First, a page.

Since this is the only time of year they can be found, it is worth collecting a good number of heads to make a large batch of cordial concentrate. This can be frozen  to be enjoyed throughout the year!


Home Coaching Elderflower Cordial 1

Once home put 2½ kg white sugar (either granulated or caster) and 1.5 litres/2¾ pints water into the largest saucepan you have. Gently heat, without boiling, until the sugar has dissolved. Give it a stir every now and again. Once the sugar has dissolved, bring the pan of syrup to the boil, then turn off the heat.

Pare the zest from 2 unwaxed lemons using a potato peeler, then slice the lemons.

Give the elderflowers a gentle swish around in cold water to loosen any dirt or bugs. Gently shake cut off any leaves and stem and  transfer to the syrup along with the lemons, zest and 85g citric acid (from chemists)

Home Coaching Elderflower Cordial 2

Stir well. Cover the pan and leave to infuse for 24 hrs.

Home Coaching Elderflower Cordial 3

Line a colander with a clean tea towel, then sit it over a large bowl or pan. Alternatively set up a jelly bag. Ladle in the syrup – let it drip slowly through.

Leave to drain ...

Leave to drain …

Discard the bits left in the towel/jelly bag. Use a funnel and a ladle to fill sterilised bottles (run glass bottles through the dishwasher, or wash well with soapy water. Rinse, then leave to dry in a low oven). The cordial is ready to drink straight away and will keep in the fridge for up to 6 weeks. Or freeze it in plastic containers or ice cube trays and defrost as needed.

There are lots of different recipes, some are to be found in this Telegraph article

In my studio I have been able to celebrate summer, even during rain. I have been using the faux chenille technique to create a summer meadow panel.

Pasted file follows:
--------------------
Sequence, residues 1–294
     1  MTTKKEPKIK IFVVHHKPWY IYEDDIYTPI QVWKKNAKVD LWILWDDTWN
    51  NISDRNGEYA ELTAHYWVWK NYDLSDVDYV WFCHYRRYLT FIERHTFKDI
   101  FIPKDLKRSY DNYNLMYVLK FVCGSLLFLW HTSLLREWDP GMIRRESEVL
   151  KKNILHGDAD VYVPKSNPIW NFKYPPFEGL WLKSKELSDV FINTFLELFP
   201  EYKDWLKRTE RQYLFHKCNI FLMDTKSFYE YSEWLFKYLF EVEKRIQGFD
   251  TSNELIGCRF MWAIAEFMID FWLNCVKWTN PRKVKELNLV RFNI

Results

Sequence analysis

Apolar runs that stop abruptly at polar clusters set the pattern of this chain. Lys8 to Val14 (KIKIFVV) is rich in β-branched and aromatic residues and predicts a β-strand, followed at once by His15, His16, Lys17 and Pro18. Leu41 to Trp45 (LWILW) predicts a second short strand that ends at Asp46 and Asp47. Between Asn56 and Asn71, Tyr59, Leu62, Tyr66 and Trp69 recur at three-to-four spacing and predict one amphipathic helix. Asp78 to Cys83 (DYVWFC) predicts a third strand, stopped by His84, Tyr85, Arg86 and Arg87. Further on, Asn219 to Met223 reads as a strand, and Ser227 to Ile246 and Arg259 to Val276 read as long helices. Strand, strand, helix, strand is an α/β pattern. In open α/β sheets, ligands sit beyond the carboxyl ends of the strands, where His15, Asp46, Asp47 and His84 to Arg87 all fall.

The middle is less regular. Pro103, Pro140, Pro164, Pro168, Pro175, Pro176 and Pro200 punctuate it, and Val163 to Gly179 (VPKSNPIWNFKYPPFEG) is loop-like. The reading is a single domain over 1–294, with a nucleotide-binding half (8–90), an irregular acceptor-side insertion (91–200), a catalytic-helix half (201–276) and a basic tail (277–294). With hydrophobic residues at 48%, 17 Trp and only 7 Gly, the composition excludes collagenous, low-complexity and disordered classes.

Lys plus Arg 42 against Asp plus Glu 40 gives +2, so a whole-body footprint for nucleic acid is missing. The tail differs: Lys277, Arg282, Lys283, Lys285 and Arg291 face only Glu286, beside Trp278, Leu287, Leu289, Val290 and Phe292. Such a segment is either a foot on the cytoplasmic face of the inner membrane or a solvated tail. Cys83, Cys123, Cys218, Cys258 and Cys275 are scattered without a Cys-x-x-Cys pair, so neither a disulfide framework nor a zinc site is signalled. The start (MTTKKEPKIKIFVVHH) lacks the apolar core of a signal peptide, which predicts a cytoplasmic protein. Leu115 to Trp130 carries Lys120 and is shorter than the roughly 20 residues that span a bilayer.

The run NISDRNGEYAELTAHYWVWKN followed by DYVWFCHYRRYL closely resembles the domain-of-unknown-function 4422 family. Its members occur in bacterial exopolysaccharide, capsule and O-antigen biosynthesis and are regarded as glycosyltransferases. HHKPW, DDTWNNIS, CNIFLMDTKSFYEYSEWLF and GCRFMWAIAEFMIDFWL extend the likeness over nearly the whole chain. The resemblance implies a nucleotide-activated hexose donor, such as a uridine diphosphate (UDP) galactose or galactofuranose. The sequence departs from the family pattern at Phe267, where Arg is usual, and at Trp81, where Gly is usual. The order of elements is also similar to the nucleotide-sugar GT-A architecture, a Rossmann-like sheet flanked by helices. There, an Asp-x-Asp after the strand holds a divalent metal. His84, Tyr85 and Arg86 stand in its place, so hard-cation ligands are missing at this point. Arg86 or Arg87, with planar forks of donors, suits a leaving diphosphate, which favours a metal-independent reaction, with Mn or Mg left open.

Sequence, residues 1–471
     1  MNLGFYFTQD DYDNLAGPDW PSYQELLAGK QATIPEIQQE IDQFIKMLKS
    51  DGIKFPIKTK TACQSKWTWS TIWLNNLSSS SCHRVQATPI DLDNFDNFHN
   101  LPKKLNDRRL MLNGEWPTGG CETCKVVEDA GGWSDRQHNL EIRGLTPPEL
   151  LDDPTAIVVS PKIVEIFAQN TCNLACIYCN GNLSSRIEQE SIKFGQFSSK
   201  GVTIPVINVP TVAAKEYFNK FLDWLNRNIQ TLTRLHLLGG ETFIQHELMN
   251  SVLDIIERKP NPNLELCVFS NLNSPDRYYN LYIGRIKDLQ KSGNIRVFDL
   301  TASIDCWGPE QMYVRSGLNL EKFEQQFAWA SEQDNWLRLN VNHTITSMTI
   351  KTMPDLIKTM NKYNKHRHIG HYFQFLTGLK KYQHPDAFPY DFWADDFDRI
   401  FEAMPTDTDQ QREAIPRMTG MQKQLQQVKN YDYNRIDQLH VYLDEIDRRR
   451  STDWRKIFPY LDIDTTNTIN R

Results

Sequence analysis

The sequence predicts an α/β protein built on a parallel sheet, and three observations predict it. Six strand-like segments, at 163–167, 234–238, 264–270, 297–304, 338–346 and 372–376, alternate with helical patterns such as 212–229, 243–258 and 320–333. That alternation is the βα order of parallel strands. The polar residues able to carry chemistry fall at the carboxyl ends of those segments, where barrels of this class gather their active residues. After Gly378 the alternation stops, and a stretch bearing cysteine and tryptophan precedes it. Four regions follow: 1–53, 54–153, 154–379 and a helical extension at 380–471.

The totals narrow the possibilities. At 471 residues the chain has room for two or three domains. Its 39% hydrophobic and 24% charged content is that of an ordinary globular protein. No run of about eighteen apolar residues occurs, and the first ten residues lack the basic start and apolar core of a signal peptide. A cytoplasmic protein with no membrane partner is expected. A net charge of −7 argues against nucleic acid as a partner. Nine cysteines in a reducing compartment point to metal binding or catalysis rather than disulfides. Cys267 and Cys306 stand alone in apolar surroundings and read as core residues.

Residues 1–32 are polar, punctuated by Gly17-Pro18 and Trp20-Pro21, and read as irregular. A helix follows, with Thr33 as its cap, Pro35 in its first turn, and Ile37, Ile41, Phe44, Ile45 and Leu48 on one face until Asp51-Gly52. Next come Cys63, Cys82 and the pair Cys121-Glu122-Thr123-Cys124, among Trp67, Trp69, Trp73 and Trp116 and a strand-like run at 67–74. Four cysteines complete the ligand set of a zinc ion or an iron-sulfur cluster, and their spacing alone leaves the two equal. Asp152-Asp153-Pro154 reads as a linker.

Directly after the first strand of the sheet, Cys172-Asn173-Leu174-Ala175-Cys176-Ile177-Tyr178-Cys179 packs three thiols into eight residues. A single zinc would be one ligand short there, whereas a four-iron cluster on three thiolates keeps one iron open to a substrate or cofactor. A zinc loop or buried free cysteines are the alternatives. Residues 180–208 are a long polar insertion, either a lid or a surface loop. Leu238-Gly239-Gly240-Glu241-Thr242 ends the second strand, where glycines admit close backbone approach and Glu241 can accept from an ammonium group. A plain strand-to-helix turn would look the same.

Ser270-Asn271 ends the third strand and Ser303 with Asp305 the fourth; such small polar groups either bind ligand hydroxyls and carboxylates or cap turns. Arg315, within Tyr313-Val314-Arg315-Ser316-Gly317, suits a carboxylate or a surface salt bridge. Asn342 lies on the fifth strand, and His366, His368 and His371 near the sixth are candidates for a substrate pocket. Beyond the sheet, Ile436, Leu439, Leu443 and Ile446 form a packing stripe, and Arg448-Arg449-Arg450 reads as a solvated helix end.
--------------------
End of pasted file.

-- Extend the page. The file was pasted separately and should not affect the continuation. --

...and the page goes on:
Faux Chenille Meadow

Faux Chenille Meadow

This is an easy technique and I suggest it to help practice straight line sewing on a sewing machine.

It is a great way to use fabric which you don’t know how else to use, such as bright, garish fabric designs! In this meadow there is a bright yellow printed scarf as well as a plain orange fabric and layers of sheer green fabric. These were all pinned securely onto a base fabric. I chose to vary the width of my stitching lines and have some a little wavy. I wanted a meadow rather than imaculate lawn effect!

You need a slash rotary cutter which can usually be got for less than £10. This allows you to cut through all the fabric layers except for the base one. There is an offer on one from stuff4craftsebay also have one.

You then need to get rough, with your slashed fabric. I use a suede brush which I find works well, but rubbing and washing also help to fluff open the layers –  so you get to see glimses of the different fabric layers.

I would love to see your faux chenille projects.

If you would like to have a go, then this is an option at several of the textile art workshops I have planned. All forthcoming workshops I am doing are listed on my textile art facebook page.

I hope you get chance to get outside to enjoy your summer, and hopefully walk in a meadow, maybe finding some elderflowers.

Home Coaching Wild Flowers